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Route Profiles


nathrix
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How much do you peeps know about route profiles? How is a route profile created if you have the files for the route from your device after you have ridden it?

 

Any event advertised with a route profile always gets a thumbs up from me.

 

I'm familiar with the route profiles on google earth or the online gps visualizer, but the Trans Draak 24hr MTB Quest really impressed me, the only thing missing are the gradients:

 

http://www.transdrakensberg.co.za/file/td-profile.jpg

 

What will be the perfect route profile visualization?

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Pre-race you can check out a route via something like Mapmyride - and there are other similar tools, I'm sure.

 

Post-ride, you have the log files. So pick your poison... Sporttracks, garmin Connect, also available via mapmyride, the list goes on...

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Pre-race you can check out a route via something like Mapmyride - and there are other similar tools, I'm sure.

 

Post-ride, you have the log files. So pick your poison... Sporttracks, garmin Connect, also available via mapmyride, the list goes on...

 

I think he is more referring to the detail as well i.e. water points, medics, etc

 

I mapmyride sometimes (race routes), other times I upload post ride to Garmin connect. Mapmyride is cool because you can upload it to your Garmin and ride the route from it. It also gives you elevation maps too :thumbup:

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What will be the perfect route profile visualization?

 

 

Displaying it to scale. Not condensing 400km of horizontal distance into an A4 format whilst displaying 2.2km of vertical height at 800% of the horizontal.

 

It always looks like a profile of the Himalayas to me. <_<

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Displaying it to scale. Not condensing 400km of horizontal distance into an A4 format whilst displaying 2.2km of vertical height at 800% of the horizontal.

 

It always looks like a profile of the Himalayas to me. <_<

Or at least keeping them a consistent scale. 5px per km horizontal, 5px per 10m vertical?

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  • 2 weeks later...

Displaying it to scale. Not condensing 400km of horizontal distance into an A4 format whilst displaying 2.2km of vertical height at 800% of the horizontal.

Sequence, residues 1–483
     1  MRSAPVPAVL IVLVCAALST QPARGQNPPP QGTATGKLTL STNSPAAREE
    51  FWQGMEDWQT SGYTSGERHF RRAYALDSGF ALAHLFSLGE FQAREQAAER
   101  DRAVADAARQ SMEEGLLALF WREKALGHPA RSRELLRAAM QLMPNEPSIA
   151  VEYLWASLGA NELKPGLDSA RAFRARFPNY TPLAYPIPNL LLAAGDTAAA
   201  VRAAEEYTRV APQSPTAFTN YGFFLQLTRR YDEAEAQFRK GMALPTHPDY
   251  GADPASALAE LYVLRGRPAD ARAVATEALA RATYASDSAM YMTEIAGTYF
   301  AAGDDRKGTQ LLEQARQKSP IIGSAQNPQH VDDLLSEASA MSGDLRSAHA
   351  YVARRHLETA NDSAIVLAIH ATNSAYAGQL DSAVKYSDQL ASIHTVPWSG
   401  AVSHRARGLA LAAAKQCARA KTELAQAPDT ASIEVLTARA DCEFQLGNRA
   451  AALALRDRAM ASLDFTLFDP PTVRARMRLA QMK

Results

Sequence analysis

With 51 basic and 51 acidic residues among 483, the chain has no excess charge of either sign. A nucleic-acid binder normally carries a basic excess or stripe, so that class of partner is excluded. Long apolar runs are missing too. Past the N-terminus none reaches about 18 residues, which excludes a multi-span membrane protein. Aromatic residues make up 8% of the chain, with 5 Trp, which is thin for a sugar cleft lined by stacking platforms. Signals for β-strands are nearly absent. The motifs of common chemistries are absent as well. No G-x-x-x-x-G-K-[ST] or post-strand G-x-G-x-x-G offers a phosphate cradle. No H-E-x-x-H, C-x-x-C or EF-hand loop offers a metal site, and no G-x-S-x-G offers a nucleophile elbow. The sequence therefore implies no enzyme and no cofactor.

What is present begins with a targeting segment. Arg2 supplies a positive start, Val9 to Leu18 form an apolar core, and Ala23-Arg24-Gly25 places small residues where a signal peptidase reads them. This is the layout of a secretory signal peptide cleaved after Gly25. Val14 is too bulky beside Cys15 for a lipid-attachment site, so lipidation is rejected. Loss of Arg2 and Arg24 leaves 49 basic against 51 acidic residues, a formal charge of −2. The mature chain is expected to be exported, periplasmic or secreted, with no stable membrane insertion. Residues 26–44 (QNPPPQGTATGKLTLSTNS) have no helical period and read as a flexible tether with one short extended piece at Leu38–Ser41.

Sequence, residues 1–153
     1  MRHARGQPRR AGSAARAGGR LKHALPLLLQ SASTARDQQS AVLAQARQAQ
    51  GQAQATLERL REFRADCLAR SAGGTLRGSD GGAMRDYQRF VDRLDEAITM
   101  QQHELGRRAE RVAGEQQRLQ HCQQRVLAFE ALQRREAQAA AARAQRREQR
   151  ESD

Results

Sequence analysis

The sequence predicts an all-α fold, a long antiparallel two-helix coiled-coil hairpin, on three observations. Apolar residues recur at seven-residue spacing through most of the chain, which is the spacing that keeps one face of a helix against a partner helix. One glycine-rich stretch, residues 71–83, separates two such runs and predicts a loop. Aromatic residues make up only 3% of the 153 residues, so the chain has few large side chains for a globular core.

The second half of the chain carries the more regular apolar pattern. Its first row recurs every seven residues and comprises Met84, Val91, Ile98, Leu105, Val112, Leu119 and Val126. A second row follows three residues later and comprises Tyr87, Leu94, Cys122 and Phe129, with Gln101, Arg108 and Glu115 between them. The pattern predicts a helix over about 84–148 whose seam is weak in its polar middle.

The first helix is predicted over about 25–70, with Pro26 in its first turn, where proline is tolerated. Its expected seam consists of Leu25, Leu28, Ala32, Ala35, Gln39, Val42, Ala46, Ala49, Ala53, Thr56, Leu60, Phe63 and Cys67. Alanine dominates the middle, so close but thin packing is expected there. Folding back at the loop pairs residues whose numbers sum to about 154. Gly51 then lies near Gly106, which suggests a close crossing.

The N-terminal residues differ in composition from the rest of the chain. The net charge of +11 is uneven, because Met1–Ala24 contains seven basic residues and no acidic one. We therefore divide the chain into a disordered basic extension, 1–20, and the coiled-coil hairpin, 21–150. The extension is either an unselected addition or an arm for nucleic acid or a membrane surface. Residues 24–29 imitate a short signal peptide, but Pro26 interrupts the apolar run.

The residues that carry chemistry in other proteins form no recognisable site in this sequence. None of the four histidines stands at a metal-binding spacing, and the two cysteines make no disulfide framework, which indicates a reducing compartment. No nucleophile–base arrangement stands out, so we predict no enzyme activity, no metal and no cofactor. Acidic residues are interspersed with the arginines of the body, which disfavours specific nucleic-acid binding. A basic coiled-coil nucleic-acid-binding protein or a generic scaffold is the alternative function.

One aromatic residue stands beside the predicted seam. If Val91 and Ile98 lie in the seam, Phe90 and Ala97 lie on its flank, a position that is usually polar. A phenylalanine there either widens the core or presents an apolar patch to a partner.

It always looks like a profile of the Himalayas to me. <_<

 

Yeah, but it is going to be difficult to see anything using the same scale. Lets say you use a 100km race with the difference between the lowest and highest point 1km (I know - that is a lot for local races). That would mean your y-axis would always be 1/100 of the x-axis. Therefore, if you make the x-axis 20cm to fit on a page then the y-axis should be 0.2cm?! Don't know if that is correct or if that is what you mean?

 

Another interesting thing I learned from last weekend (a bit off-topic): I used Google Maps to map us a ride from Klein Joostenberg, over du Toit's, through Rawsonville, through Villiersdorp, over Franschoek and also Hels and Google said it was 193km. We ended up doing closer to 212km! Could that be because Google Maps doesn't take into account the ascents and descents and just draws a straight line? I haven't tried putting it in MapMyRide yet.

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But how steep is that climb though?

 

Very roughly - the length of the climb looks about 5km and the ascent 170m (520 - 350m). That would give it an average gradient of around 3.4%. That is not steep, but it could have steeper parts (like the first and last third). If you know Tiekiesdraai in Cape Town: from the longer side it is almost the same gradient for about 4km.

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Another interesting thing I learned from last weekend (a bit off-topic): I used Google Maps to map us a ride from Klein Joostenberg, over du Toit's, through Rawsonville, through Villiersdorp, over Franschoek and also Hels and Google said it was 193km. We ended up doing closer to 212km! Could that be because Google Maps doesn't take into account the ascents and descents and just draws a straight line? I haven't tried putting it in MapMyRide yet.

It's much more likely something in the route wasn't right.

 

If you were to ride 200km and all you did in that time was climb and descend 10% gradient hills, the difference between the horizontal distance and the actual distance would be about 961m.

 

If the whole thing were over 20% gradient, the difference would still only be about 3km. To get a 13km difference, you'd need to be hitting 35% gradients the whole way.

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